A lot of people, knowing English is Sierra Leone’s official language, ask if we teach in English.  The answer is a clear “No!” as very few women speak English.  Few adult women have attended any school, so speak their tribal language.  We work among the Mende people, who live in some of the most remote areas of the southern part of Sierra Leone and are one of the largest tribes.

 Mende is a difficult language to learn.  Like Mandarin Chinese, it uses four tones which are hard for many Westerners to even hear, much less speak.  An ancient language spoken by people who are isolated, the vocabulary does not accommodate modern society very well.  It doesn’t include words - or even the concepts - for much of the health care we teach.  

The first time we taught nutrition, we began to talk about fiber.  Our translator, Jitta Rogers-Seisay sighed, and was quiet for a moment.  Then she proceeded to speak for several minutes, waving her hands and pointing to a nearby field.  We stopped her to ask what was going on. She told us there is no word for fiber; and she was explaining that goats eat weeds, and when cleaning a goat’s entrails after slaughter, the residue in the intestines is fiber.  We were surprised by the idea that a language didn’t have this concept and by our translator’s creativity.  

Since then, Jitta has repurposed and created terms to convey health terms and ideas.  For example, the word for food sounds like “meh-heh” and she made up the term “proto-meh-heh” to represent protein, and similar words for carbohydrates, vitamins, and minerals.  To differentiate between veins and arteries, she has created terms for “flow tubes” and “push tubes.”  

Jitta, in her ten years of work as MOMS Translator, has added much to the Mende language.  Health officials, hearing her translate, marvel at what she has done.  Genius is the term they use most often, praising her ability to speak deep Mende.  Most shake their heads and admit they could not begin to do what she does.  

Most health officials are educated in English and use English terms.  When they translate for us, they simply use the English word with a Mende accent.  The students are confused and miss important concepts.  Translating for us is not a simple matter of exchanging Mende for English words and grammar.  Conveying the concepts requires our translators to understand what life is like for village women and use analogies and stories that make sense to them.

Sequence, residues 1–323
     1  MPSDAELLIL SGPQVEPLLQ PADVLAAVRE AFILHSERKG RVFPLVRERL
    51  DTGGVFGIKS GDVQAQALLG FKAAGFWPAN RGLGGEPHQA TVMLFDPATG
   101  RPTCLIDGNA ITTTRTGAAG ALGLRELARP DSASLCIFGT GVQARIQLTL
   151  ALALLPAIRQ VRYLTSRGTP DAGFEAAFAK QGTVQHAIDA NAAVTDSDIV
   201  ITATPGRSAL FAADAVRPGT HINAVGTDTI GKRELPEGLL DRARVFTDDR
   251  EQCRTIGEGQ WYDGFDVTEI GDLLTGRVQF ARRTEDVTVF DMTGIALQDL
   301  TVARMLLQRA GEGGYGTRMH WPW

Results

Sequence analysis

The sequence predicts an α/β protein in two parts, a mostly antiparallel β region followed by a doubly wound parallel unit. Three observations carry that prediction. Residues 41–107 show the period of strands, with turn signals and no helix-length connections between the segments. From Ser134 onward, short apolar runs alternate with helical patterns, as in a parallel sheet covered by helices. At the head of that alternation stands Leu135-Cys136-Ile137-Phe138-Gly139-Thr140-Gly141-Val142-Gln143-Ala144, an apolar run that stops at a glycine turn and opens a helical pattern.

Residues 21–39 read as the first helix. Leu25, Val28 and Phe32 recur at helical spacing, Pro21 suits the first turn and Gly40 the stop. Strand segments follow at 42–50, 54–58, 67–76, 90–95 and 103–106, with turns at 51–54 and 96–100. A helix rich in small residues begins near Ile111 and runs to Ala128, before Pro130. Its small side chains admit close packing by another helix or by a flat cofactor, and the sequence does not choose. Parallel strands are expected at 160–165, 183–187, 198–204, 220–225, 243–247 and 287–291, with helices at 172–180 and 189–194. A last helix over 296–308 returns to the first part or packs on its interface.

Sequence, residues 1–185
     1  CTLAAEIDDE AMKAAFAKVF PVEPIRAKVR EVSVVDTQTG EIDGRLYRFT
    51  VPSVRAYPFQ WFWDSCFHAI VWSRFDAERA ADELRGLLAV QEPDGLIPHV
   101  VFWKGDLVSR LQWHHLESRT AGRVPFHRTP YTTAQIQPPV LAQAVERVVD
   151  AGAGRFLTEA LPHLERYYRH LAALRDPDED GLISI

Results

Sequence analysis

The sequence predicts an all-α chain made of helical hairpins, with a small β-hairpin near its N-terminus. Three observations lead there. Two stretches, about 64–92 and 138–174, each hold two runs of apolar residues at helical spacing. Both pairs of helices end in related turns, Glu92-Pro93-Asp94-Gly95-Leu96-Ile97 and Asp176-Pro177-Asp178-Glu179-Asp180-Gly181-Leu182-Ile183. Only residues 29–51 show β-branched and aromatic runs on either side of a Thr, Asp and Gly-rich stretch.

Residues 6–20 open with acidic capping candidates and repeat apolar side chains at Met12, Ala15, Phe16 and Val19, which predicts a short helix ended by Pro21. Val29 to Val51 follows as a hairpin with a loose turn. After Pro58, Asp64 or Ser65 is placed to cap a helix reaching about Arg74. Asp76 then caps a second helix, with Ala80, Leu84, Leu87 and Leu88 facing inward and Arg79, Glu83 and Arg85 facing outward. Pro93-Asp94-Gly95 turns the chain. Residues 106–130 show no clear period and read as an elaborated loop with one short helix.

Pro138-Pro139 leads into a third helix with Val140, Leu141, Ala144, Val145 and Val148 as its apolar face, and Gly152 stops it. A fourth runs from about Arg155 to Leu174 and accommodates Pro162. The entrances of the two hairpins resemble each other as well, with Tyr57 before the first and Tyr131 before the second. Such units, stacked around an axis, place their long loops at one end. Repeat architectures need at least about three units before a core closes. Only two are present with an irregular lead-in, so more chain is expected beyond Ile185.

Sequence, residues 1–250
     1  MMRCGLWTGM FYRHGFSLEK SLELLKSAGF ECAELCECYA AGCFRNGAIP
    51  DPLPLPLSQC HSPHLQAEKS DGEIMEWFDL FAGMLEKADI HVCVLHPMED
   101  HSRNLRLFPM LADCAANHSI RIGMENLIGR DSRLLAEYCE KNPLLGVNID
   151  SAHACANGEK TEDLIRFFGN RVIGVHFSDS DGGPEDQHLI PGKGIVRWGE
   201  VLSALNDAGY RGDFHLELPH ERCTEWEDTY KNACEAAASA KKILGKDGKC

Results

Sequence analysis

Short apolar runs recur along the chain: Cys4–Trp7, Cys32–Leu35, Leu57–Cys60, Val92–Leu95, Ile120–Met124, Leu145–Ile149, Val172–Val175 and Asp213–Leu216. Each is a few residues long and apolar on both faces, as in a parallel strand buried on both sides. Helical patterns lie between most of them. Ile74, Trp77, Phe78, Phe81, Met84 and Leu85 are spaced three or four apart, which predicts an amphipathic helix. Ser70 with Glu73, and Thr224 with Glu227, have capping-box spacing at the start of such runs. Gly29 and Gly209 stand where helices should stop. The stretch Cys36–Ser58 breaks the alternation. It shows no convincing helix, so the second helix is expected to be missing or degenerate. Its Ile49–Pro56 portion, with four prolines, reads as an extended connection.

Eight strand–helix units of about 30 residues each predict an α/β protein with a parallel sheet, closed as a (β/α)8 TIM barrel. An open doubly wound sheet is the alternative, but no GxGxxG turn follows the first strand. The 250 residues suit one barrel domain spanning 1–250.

In training trainers, the challenge is multiplied.  The new trainers are health care professionals who speak English, Krio (the nation’s lingua franca) and Mende.  We teach them the content of the course they will teach in English.  Then they discuss the concepts in Mende among themselves, asking us clarifying questions.  An essential part of the Train-the-Trainer sessions is for them to watch Jitta translate the material for a live class, and to translate for us themselves.  Then each evening, we debrief what we taught that day, getting clarity around both the content and the teaching techniques we use.  

These new trainers, who have completed one-third of the Train-the-Trainer program, are so excited.  They are anxious to begin teaching more and more students to provide evidence-based maternity care and how to work together to advocate for change in their communities.  They are thrilled with all the new information they are learning about both maternity care and teaching skills.  

This program has been a long-time goal for MOMS and seeing this pilot go so well is deeply satisfying.  Now we have to finish the program and buy the visual aids they need to teach the classes well.  We will return to Sierra Leone in November for session two of the Train-the-Trainer and another health worker class.  Then we will finish the Train-the-Trainer next spring, with one more health worker class.  At that time, the new Trainers will respond to requests for training in Mende-speaking areas, while we answer the call to work among the Loko and Temne in the northern part of the country - and train up new batches of trainers there!

We are excited, too!



Patricia Ross is a CPM and the Education Director for Midwives on Missions of Service (MOMS). MOMS is a humanitarian, non-profit agency whose mission is to improve maternal and infant health in the poorest areas of the world. MOMS teams build capacity among women in rural areas, teaching traditional birth attendants to be the bridge between the community and the clinic system, to make changes to solve women's health problems, to provide evidence-based maternity care, and to teach their neighbors about women’s health needs, sanitation, and nutrition.